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Rebirth/Reincarnation...animals...insects...

feefee
edited August 2005 in Buddhism Basics
Hello everyone

I am struggling witht the definition of reincarnation and rebirth. What is the difference, if any?

Also, how can the fact that everyone is reborn, either into a human body or insect/animal, be explained? On some levels it makes sense, on others, it just seems insane.

So all animals and insects have souls, same as humans, and we could be an insect in the next life?

I find it easy to believe in humans returning as humans - in fact - I do believe it. But how can I understand us coming back as animals or insects (or plants)?

Can anyone give me an explanation, something I can understand or try to understand?

I don't think I have been very clear, but hopefully someone will know what I am trying to find out.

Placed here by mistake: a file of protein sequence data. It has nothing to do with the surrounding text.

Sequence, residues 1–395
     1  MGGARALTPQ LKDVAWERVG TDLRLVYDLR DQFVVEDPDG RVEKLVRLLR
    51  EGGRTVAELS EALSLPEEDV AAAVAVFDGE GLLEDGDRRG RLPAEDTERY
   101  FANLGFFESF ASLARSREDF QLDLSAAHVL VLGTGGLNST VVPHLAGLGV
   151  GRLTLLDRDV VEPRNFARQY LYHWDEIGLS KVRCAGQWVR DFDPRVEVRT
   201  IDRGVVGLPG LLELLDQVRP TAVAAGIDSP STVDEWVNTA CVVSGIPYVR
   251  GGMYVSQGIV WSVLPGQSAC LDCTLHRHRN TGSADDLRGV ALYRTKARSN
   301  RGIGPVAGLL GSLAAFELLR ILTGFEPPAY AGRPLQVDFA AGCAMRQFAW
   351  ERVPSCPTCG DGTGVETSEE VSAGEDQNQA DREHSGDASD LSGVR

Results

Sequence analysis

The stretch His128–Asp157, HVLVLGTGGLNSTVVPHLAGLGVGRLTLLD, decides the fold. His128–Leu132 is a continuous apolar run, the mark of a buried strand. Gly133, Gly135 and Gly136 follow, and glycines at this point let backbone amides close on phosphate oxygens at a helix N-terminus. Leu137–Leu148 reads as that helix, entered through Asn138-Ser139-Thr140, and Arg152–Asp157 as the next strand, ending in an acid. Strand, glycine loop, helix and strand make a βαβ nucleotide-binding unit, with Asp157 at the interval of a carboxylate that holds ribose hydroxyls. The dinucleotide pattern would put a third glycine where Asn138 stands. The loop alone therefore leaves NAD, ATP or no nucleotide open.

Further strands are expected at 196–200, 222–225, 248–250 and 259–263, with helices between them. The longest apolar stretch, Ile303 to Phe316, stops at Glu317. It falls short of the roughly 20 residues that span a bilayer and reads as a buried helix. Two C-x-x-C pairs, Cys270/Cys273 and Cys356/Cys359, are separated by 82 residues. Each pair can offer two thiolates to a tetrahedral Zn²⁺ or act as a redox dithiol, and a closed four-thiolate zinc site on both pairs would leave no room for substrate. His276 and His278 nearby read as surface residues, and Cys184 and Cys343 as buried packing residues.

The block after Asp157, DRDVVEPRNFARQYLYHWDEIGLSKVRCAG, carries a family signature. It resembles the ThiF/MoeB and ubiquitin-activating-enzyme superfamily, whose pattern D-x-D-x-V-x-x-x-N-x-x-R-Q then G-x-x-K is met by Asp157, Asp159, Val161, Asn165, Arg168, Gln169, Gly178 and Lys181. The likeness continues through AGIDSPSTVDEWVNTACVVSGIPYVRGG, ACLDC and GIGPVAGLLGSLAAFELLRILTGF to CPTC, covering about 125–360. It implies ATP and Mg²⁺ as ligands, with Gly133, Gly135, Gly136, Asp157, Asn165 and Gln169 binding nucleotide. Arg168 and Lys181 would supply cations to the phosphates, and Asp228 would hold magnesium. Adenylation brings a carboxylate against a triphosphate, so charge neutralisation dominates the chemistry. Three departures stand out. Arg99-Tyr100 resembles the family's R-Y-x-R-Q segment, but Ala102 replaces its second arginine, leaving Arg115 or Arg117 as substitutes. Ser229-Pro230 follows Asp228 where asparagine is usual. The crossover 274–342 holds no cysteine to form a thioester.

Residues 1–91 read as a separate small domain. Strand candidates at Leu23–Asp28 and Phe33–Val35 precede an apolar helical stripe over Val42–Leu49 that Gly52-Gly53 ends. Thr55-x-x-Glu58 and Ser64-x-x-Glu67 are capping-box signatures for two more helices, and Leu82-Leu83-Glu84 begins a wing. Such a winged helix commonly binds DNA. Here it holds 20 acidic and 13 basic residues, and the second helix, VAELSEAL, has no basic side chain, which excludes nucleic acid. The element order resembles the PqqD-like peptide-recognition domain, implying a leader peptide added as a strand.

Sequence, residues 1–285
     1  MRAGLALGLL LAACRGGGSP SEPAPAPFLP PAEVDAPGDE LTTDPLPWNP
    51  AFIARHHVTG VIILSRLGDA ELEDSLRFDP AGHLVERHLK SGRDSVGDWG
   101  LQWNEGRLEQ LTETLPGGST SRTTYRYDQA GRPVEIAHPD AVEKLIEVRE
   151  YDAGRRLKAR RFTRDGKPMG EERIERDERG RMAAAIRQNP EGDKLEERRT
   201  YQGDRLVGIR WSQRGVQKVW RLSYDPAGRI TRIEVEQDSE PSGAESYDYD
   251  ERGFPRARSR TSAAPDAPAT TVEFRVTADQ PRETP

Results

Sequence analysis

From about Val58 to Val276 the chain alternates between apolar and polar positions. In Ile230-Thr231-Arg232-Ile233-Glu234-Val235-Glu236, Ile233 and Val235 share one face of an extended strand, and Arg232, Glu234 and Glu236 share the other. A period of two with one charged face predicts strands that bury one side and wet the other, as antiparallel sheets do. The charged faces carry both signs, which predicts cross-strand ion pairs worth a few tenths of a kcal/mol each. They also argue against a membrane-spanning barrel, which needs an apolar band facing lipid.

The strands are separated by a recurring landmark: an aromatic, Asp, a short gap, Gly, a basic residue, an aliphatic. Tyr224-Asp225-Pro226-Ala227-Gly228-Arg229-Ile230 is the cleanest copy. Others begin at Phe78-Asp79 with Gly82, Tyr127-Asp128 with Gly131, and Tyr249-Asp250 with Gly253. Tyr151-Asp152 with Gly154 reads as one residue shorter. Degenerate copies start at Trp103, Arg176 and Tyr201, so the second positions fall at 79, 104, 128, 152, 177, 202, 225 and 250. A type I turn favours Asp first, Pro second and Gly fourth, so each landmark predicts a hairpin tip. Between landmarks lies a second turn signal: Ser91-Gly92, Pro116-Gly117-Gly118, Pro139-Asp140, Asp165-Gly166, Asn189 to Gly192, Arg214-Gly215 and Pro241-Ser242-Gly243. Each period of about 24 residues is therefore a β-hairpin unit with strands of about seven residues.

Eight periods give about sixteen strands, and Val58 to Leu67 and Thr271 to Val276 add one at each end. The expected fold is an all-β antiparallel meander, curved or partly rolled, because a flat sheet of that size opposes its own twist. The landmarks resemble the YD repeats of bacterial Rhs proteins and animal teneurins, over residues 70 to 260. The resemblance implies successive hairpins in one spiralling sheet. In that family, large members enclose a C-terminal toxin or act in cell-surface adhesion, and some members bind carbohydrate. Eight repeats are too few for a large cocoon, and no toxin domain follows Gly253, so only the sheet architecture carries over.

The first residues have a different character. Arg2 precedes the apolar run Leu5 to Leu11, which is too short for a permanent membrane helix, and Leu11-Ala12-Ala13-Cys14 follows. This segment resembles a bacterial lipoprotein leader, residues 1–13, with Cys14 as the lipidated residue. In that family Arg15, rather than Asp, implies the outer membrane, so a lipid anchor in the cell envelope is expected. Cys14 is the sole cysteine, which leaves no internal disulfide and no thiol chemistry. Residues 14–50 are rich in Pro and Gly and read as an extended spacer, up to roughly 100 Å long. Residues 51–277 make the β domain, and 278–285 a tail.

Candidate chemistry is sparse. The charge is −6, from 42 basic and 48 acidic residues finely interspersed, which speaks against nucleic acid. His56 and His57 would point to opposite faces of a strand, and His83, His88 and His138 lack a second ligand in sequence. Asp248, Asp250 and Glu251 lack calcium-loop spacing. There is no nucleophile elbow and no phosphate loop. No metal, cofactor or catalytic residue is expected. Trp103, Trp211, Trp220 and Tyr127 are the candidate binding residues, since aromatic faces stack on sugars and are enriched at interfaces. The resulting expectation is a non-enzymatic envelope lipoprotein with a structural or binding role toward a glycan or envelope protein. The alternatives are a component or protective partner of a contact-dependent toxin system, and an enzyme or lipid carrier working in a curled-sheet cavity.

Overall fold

Thanks

Comments

  • SimonthepilgrimSimonthepilgrim Veteran
    edited August 2005
    Fee,

    You will surely get lots of wise replies and explanations. If you are anything like me (and we are both human, so there must be some similarities) you will be little the wiser at the end!

    I am convinced that the greatest obstacle that we Westerners encounter is our notion of "soul" as some distinct 'part' of ourselves. The idea that there is some personal essence, which has my name on it and which is separate from my body, memories, experiences, actions, etc. is so deeply entrenched in our mythology that we can't see round it.